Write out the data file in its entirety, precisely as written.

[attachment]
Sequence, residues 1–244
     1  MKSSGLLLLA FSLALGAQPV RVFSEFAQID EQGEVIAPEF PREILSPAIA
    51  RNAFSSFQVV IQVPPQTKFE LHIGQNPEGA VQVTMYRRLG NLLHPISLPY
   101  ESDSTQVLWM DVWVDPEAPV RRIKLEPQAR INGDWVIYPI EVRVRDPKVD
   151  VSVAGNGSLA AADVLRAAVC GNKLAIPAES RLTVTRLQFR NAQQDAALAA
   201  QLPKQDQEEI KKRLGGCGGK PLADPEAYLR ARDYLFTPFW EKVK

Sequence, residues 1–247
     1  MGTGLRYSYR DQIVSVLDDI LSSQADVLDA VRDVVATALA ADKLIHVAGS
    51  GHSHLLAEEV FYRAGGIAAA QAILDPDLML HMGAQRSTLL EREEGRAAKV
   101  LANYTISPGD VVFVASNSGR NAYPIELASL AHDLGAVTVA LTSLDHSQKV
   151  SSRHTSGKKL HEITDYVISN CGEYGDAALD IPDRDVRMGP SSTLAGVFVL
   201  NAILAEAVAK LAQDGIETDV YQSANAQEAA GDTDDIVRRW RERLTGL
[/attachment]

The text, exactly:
Sequence, residues 1–244
     1  MKSSGLLLLA FSLALGAQPV RVFSEFAQID EQGEVIAPEF PREILSPAIA
    51  RNAFSSFQVV IQVPPQTKFE LHIGQNPEGA VQVTMYRRLG NLLHPISLPY
   101  ESDSTQVLWM DVWVDPEAPV RRIKLEPQAR INGDWVIYPI EVRVRDPKVD
   151  VSVAGNGSLA AADVLRAAVC GNKLAIPAES RLTVTRLQFR NAQQDAALAA
   201  QLPKQDQEEI KKRLGGCGGK PLADPEAYLR ARDYLFTPFW EKVK

Sequence, residues 1–247
     1  MGTGLRYSYR DQIVSVLDDI LSSQADVLDA VRDVVATALA ADKLIHVAGS
    51  GHSHLLAEEV FYRAGGIAAA QAILDPDLML HMGAQRSTLL EREEGRAAKV
   101  LANYTISPGD VVFVASNSGR NAYPIELASL AHDLGAVTVA LTSLDHSQKV
   151  SSRHTSGKKL HEITDYVISN CGEYGDAALD IPDRDVRMGP SSTLAGVFVL
   201  NAILAEAVAK LAQDGIETDV YQSANAQEAA GDTDDIVRRW RERLTGL